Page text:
Is a standard variable mortgage appropriate for you? It depends on your individual circumstances, but here are some things to consider:
- Your financial stability: If you have a steady income and can afford to see your monthly mortgage payments fluctuate, then a standard variable mortgage may be a good option for you.
- Your risk tolerance: Standard variable mortgages are more risky than fixed-rate mortgages because your monthly payments can go up or down, depending on the lender’s rate. If you’re not comfortable with this level of uncertainty, then a fixed-rate mortgage may be a better choice.
- Your plans for the future: If you’re planning to sell your home in the near future, or if you expect your income to change significantly, then a standard variable mortgage may be a good option for you because it offers more flexibility than fixed-rate mortgages.
One of the critical features of your mortgage is the rate at which you pay interest on the loan. The rate can vary widely – and, in so doing, make the difference between a mortgage payment where you have to spend or are able to save many thousands of pounds over the life of the mortgage.
Mortgage interest rates are determined in several different ways, and probably the most common is the so-called standard variable rateThe interest rate charged by the lender that can vary over t.... What does the term mean and is it likely to be the appropriate mortgage for your own needs and financial situation? In this article, we will discuss this in detail.
What is a standard variable rate mortgage?
A standard variable rate mortgage provides the basic model on which mortgage lenders advance their loans. Some people may refer to it as an adjustable-rate mortgage.
It is a standard rate because that is the baseline to which the lender’s practices will always return in the absence of some other rate of interest – it is their default rate of interest, in other words. In the words of the Money Advice Service, it is the “normal” rate of interest which any lender charges a homebuyer for their mortgage – unless a different type of mortgage is arranged.
It is a variable rate because it may vary over time, according to decisions made by the mortgage lender. Each lender may have a different standard variable rate and those rates may change independently from one lender to another.
For many borrowers, the mortgage lender’s standard variable rate (or SVR as it is often known) is the default rate of interest to which they will be transferred when a fixed-rate mortgage, a tracker mortgage or a discounted mortgage comes to an end.
For that reason, a standard variable rate mortgage is also sometimes known as a reversion-rate mortgage, explains a guide published by Which? magazine in April 2020.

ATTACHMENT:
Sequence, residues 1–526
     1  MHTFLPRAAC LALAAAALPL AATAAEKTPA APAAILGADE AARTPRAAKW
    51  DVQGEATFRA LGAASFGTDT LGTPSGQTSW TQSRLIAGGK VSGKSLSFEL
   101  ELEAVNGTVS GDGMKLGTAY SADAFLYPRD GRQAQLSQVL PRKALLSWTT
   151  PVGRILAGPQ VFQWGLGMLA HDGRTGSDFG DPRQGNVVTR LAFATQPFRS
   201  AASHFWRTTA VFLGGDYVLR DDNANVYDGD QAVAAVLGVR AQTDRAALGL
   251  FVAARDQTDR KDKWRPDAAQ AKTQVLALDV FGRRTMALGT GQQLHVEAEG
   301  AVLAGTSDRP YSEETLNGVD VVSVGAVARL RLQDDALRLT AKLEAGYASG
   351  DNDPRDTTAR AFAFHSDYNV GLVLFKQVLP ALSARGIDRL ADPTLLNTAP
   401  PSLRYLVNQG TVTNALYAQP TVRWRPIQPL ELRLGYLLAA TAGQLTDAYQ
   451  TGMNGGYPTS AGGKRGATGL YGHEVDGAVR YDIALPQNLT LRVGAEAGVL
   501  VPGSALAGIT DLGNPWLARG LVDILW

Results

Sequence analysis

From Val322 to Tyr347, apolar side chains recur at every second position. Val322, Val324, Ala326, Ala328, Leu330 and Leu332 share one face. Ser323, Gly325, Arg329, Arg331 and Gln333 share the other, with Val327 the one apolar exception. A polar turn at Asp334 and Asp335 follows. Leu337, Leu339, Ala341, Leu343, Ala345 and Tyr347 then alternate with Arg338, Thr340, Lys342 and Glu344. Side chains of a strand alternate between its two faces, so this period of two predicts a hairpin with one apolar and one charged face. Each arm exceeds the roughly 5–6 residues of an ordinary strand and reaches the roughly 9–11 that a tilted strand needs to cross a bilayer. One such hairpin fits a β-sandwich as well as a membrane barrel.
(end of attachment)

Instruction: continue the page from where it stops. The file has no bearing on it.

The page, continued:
How does a standard variable rate mortgage work?
To understand how a standard variable rate mortgage works, it might be helpful to remind ourselves of the principles behind your home loan monthly payment.
Part of what you pay goes towards repayment of the capital amount you borrowed; part of it pays the interest on the outstanding mortgage balance (what you continue to owe).
If the interest rate changes – as a standard variable mortgage rate is going to do – then your monthly payment must increase to cover that higher rate of interest, even though you are not reducing the outstanding balance of your mortgage.
The mortgage loan lender decides when and by how much it is going to increase or lower the rate of interest. Typically, it does so after there has been some change in the Bank of England’s base rate – and it might be worth reviewing the Bank’s explanation of interest rates in general and its role in setting the base rateThe interest rate set by the Bank of England, affects the in....
Changes in the base rate, however, only give a broad indication of your lender’s setting of its standard variable rate of interest. There may be a delay before the lender responds, for example, or the lender may decide upon a reduction or increase in the rate that is different from any change in the base rate.
Unlike a tracker mortgage, for instance, the standard variable rate does not exactly shadow movements in the Bank of England base rate.
What is better – a fixed rate or variable rate mortgage?
The reason why this is a difficult question to answer is that it all depends on the fixed rate you are offered, for how long that deal lasts, and how your particular mortgage lender varies its standard variable rate.
The Bank of England has maintained its base rate at 5.25% in September 2023, the 14th consecutive rise. This means that the average variable rate charged by mortgage home loan lenders is likely to remain high.
It is still a gamble whether a variable rate mortgage is a good choice for you. The Bank of England base rate or the average variable rate charged by mortgage home loan lenders may still go up or down and, depending on the fixed rate of interest you were offered, you may end up being relatively worse – or better – off.
For example, if you had a fixed-rate mortgage at 2.52% in 2018, and it came to an end in July 2020, you would have faced an unwelcome 2% jump in the interest rate you had to pay if you switched to your lender’s standard variable rate (SVR) at that time. The average SVR mortgage rate in July 2020 was 4.46%.
Today, in September 2023, the average SVR mortgage rate is 8.49%, so borrowers who switched to their lender’s SVR in July 2020 would have faced a much larger jump in their interest rate of around 4%.
If you are considering a variable-rate mortgage, it is important to understand the risks involved. Your interest rate could go up, which would mean that your monthly mortgage repayments would increase. This could make it difficult to afford your mortgage, especially if you are on a tight budget.
If you are not comfortable with the risk of your interest rate going up, you may be better off with a fixed-rate mortgage. With a fixed-rate mortgage, your interest rate will remain the same for the fixed-rate period, which could be anywhere from two to five years. This gives you certainty and peace of mind, knowing that your monthly mortgage repayments will stay the same.